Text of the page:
1. The Clippers Finishing Lineups

    The Clippers came into this season being many experts' favorites to win the title, and one could argue that they have only got better since the beginning of the season.

    The Clippers still have a lot of questions to answer, however it feels like they have too many role players for their own good. Before the season was suspended, the Clips added Reggie Jackson, Marcus Morris and Joakiam Noah

    to the already strong supporting cast of players like Lou Williams, Patrick Beverely, Landry Shamet, Montrez Harrel, Jamychal Green, and Ivica Zubac all of whom expect to play decent minutes.

    The Clippers obviously have their superstar duo of Paul George and Kawhi Leonard who will play a majority of the minutes and be on the floor for crunch time.

    The Clippers have a lot of things to figure out about their crunch time lineup as no doubt, Lou Williams, Patrick Beverely, Marcus Morris, and Montrezl Harrell all think they are shoo-ins to play alongside their dynamic wings.

    Lou Williams specifically may be headed towards a smaller role in the playoffs due to a plethora of reasons.

    First, Williams is great at providing a scoring jolt especially when he is the primary option, but in the playoffs he will be always playing next to Kawhi and/or Paul George which lessens the need for his ball dominant game.

    Secondly, the amount that Lou gives up defensively could be catastrophic for a team with basically no other weak links defensively and having him on the floor could lead to bigger teams like the Lakers or Nuggets continuously picking on him in crunch time.

    Lastly, Williams has historically been worse in the playoffs and while occasionally he can breakout and drop 40 in a win his overall play has fallen off significantly in the postseason. 

  1. The Bucks Supporting Cast 

The Bucks were a juggernaut this season and are the runaway favorites in the East. Their consistent and dominant play was extremely impressive and led them to the best record in the league. Their best player, Giannis Antetokounmpo is projected to win his second-straight MVP and could be in contention for Defensive Player of the Year as well. Few pundits doubt Giannis’ superstardom, but despite having the best record in the league many experts believe the Lakers or Clippers are more destined to succeed. The reason for this is not because of Giannis (in most cases), it is because of his supporting cast. Last year the Bucks looked unstoppable after only dropping one game in the first two rounds and getting ahead to a 2-0 lead against the Raptors in the conference finals. However, after the second game every thing fell apart. Eric Bledsoe forgot how to shoot, firing below 20% from three in the series, Khris Middleton was no longer the bonafide second star and looked more like an out of place role player. Possibly worst of all was that the one auxiliary star who played well was Malcolm Brogdon, but now he is Indiana after Bucks ownership decided to maneuver to stay under the luxury tax.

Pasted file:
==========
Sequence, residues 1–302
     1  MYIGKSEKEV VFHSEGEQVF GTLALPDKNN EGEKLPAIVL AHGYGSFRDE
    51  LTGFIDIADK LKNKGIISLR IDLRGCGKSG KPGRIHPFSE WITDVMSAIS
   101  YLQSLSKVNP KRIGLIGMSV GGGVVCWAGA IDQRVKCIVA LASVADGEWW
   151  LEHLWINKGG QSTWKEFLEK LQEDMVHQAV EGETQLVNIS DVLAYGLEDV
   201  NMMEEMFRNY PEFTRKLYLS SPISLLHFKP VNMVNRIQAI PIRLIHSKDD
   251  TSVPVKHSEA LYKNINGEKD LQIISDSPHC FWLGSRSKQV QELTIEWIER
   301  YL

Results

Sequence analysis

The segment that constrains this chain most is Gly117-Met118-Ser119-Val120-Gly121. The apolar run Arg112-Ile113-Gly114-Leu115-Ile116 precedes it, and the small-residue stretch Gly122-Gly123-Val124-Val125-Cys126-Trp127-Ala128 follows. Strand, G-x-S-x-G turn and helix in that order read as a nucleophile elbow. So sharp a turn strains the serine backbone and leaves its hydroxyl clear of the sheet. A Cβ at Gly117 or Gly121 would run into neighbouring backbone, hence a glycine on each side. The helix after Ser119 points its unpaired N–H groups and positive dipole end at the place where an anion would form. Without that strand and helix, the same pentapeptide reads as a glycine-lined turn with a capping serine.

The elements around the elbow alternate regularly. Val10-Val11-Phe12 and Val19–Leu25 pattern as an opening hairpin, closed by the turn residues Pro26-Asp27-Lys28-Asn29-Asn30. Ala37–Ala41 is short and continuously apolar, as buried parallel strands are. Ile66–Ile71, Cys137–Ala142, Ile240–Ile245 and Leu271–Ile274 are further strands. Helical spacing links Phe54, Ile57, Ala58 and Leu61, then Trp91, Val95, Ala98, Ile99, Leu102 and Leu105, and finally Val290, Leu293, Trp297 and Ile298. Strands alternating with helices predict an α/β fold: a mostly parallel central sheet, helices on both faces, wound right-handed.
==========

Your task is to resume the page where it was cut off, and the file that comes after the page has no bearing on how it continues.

This is a crucial season for the Bucks as, with Giannis’ free agency looming and next season looking like a question mark, this could be the one chance they get to prove to the Greak Freak that Milwaukee is a suitable place to spend his prime.

  1. The Next Generation of Stars

Everyone remembers Kawhi’s 2014 run, Kevin Durant’s in 2013, or even Lebron’s in 2007. Big playoff runs can do a lot to boost a young players legacy and solidify them as a future superstar and generational talent. Right now, a lot of young players have the opportunity to make a run this postseason and solidify themselves as a legitimate superstar. Take Luka Doncic, the sophomore who shocked the world and became a legit MVP candidate. The Mavericks superstar is in position to make some real noise. If the Mavs can get to the No. 6 seed and avoid the Clippers, they will have a real shot of winning a series and could do some serious damage. A player like Zion or Ja Morant could take the eighth seed and maybe take a few games off the Lakers, which would bode well for their future prospects as stars. Out East, the opportunity to make noise is much greater, as there is only one powerhouse compared to the West’s two. The Celtics have both Jayson Tatum and Jaylen Brown, who have already made lengthy playoff runs in the past, and another could help cement their status as clear stars (and in Tatum's case, potentially a top-10 player league-wide). Tatum was surging before the season abruptly ended, and if he can tap back into that juice in the playoffs it could be a big problem for the rest of the East. In Philadelphia, both Ben Simmons and Joel Embiid want to make clear that they are a force to be reckoned with, and a good run could solidify their places as franchise players.